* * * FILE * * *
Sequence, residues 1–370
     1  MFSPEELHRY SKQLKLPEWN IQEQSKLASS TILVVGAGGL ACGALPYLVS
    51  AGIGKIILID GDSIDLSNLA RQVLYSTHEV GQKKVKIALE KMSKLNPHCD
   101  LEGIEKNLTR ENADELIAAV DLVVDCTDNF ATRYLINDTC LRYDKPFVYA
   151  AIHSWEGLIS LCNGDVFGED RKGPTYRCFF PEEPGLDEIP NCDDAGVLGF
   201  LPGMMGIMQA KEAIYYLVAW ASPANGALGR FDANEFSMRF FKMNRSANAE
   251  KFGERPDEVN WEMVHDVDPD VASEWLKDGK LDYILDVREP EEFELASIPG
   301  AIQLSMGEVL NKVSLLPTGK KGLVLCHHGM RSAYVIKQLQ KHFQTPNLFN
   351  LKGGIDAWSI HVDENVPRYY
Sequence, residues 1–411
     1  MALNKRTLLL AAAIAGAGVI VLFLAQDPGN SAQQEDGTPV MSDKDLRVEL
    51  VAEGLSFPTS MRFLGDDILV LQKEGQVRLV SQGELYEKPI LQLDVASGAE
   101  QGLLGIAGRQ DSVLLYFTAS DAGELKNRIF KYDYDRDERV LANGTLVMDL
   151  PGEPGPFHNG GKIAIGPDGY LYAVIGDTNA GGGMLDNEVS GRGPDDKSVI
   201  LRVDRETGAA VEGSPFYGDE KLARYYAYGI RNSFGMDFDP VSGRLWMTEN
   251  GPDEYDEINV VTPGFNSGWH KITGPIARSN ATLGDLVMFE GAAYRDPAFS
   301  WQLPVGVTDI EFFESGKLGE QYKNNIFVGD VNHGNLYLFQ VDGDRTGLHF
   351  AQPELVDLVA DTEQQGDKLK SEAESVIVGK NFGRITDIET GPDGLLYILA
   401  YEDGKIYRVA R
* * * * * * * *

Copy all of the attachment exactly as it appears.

Sequence, residues 1–370
     1  MFSPEELHRY SKQLKLPEWN IQEQSKLASS TILVVGAGGL ACGALPYLVS
    51  AGIGKIILID GDSIDLSNLA RQVLYSTHEV GQKKVKIALE KMSKLNPHCD
   101  LEGIEKNLTR ENADELIAAV DLVVDCTDNF ATRYLINDTC LRYDKPFVYA
   151  AIHSWEGLIS LCNGDVFGED RKGPTYRCFF PEEPGLDEIP NCDDAGVLGF
   201  LPGMMGIMQA KEAIYYLVAW ASPANGALGR FDANEFSMRF FKMNRSANAE
   251  KFGERPDEVN WEMVHDVDPD VASEWLKDGK LDYILDVREP EEFELASIPG
   301  AIQLSMGEVL NKVSLLPTGK KGLVLCHHGM RSAYVIKQLQ KHFQTPNLFN
   351  LKGGIDAWSI HVDENVPRYY
Sequence, residues 1–411
     1  MALNKRTLLL AAAIAGAGVI VLFLAQDPGN SAQQEDGTPV MSDKDLRVEL
    51  VAEGLSFPTS MRFLGDDILV LQKEGQVRLV SQGELYEKPI LQLDVASGAE
   101  QGLLGIAGRQ DSVLLYFTAS DAGELKNRIF KYDYDRDERV LANGTLVMDL
   151  PGEPGPFHNG GKIAIGPDGY LYAVIGDTNA GGGMLDNEVS GRGPDDKSVI
   201  LRVDRETGAA VEGSPFYGDE KLARYYAYGI RNSFGMDFDP VSGRLWMTEN
   251  GPDEYDEINV VTPGFNSGWH KITGPIARSN ATLGDLVMFE GAAYRDPAFS
   301  WQLPVGVTDI EFFESGKLGE QYKNNIFVGD VNHGNLYLFQ VDGDRTGLHF
   351  AQPELVDLVA DTEQQGDKLK SEAESVIVGK NFGRITDIET GPDGLLYILA
   401  YEDGKIYRVA R